We recently had admitted to sometimes exhibiting an excess of zeal for clean energy. So, in a search for balance, we decided to indulge some knowledgeable friends who, if not exactly curmudgeons, may know too much.
Last week we surprised ourselves by taking issue with the many headlines proclaiming 2016 as “the hottest year on record.” It was. But the headlines did not tell the full story. In fact, in 2016 the global temperature rise above the prior 2015 record was less than one-tenth of a degree Celsius higher! In other words, easily well within the margin of error. For those of us concerned about the still-unknown effects of unchecked climate change, it is tempting to dramatize many effects that many predict, the worst of which still lie in the future: e.g., sea rise that will inundate much of south Florida, even Mar-a-Lago. Despite Hurricane Sandy and other oft-cited effects of sea rise and storm surge, relatively little projected damage can readily be seen—because it hasn’t occurred yet. But should we be concerned? Yes.
Likewise, though we are big fans of renewable energy, we have to admit that the many headlines announcing that new wind and solar capacity added to the grid in 2016 far outpaced that of coal, natural gas, and nuclear. While literally true, this blithely ignores the fact that a megawatt of installed solar or wind doesn’t provide nearly the same amount of energy as, say, a megawatt of natural gas generation. We’re not advocating gas generation, but one should compare the energy output of sources or their effective capacity contribution as well as their nameplate capacity.
The above cavils invite a reexamination of what some would call “magical thinking.” Where does that leave us? Well, we’re still in search of the truth, “the whole truth, so help us, God.” The latest oversimplification of the truth falls on the other side of the clean energy ledger.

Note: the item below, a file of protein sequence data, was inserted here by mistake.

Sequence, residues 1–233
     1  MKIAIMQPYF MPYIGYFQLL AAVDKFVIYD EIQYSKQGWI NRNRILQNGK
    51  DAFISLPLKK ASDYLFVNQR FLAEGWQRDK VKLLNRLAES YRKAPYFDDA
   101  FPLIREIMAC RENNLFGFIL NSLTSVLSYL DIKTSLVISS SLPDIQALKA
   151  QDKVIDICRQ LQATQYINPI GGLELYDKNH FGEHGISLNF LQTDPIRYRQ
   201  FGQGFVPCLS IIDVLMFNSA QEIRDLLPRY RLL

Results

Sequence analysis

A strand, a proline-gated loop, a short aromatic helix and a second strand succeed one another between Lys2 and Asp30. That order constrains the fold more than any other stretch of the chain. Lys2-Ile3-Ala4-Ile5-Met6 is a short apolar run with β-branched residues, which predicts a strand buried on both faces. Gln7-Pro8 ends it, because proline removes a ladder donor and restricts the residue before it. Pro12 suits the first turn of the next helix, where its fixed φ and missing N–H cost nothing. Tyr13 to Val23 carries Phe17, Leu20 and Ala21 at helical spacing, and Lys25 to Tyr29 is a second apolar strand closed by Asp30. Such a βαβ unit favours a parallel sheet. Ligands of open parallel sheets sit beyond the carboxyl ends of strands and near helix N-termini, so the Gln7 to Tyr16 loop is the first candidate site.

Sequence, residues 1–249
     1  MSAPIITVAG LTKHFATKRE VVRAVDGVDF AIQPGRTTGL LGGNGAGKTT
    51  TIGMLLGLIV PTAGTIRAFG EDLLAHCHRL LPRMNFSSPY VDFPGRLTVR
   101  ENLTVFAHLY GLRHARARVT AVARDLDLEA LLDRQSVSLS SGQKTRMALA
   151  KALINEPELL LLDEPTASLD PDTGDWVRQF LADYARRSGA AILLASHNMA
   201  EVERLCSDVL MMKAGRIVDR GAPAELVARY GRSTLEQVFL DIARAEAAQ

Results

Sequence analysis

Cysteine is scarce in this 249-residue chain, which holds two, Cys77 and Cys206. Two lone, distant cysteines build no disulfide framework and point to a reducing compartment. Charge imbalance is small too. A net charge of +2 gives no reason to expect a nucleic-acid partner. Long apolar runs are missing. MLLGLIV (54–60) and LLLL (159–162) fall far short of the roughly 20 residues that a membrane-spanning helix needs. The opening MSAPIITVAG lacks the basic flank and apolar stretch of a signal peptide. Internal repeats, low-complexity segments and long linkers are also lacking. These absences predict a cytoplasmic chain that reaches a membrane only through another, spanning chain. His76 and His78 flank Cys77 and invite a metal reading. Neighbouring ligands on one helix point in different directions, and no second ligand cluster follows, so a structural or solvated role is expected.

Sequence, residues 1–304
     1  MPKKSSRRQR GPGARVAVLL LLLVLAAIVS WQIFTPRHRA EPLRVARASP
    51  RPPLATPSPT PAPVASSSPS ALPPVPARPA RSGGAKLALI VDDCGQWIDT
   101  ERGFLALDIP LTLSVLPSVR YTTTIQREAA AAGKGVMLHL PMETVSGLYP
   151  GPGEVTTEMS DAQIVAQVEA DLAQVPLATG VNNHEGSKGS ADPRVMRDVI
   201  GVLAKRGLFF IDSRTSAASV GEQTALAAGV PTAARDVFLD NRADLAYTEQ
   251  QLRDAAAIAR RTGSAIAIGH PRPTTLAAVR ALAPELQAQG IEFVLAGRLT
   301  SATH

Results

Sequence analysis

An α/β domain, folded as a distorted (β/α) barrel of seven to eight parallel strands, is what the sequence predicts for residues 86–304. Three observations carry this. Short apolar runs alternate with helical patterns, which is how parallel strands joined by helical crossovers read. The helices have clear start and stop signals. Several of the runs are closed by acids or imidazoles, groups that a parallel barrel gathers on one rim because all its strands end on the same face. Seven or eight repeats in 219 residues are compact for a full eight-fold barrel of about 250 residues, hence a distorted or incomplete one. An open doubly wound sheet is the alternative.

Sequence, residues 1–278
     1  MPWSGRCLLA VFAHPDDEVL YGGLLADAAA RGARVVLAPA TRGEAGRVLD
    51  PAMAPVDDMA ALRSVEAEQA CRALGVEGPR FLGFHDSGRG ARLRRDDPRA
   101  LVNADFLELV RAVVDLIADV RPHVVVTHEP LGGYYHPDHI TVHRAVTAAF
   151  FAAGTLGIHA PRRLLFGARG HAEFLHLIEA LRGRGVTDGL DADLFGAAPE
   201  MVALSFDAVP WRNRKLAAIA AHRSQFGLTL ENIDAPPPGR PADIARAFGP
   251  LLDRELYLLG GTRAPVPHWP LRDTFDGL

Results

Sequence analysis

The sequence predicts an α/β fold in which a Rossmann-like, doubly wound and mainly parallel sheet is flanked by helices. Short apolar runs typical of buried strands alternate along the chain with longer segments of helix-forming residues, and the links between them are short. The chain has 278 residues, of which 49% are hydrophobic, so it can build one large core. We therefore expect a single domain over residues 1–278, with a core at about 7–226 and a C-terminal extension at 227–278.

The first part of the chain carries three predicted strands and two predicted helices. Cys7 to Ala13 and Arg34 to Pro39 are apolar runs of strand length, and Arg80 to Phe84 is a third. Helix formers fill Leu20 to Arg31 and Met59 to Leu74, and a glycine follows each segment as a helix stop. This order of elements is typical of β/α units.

Several recent articles have noted that using storage in conjunction with solar generation may increase both overall energy consumption and emissions. Why? Because any form of storage, whether pumped hydro, or compressed air, or batteries uses extra energy in charging and discharging the storage, and in the round trip from generation to storage and back again.
Is that a bad thing? Perhaps not. It might depend, for one thing, on the source of the energy that’s being stored. Take wind, for instance. Wind energy often maxes out at night, precisely when system demand is lowest. Wind often has to be curtailed at night. Wouldn’t it be better to put it to economic use, storing excess wind and releasing it at system peak demand to trim high prices and curb use of the most polluting peaker generation?
What about solar? Same thing. Solar maxes out in midday and late afternoon, and will sometimes have to be curtailed—spilled, in effect. This will be increasingly true as more and more solar comes online, either in grid-scale generation or rooftop solar.
Is it a bad thing to store excess wind or solar energy and use it to arbitrage against higher priced energy at peak demand. I would say it’s a good thing, especially if the energy would be virtually costless and pollution-free, as wind and solar typically are.
In the ever more complex energy sphere, things can be reduced to very simple—sometimes too simple—terms, often to dramatic effect, but not always accurately. Steve Jobs said: “Think different.” We say: Look deeper.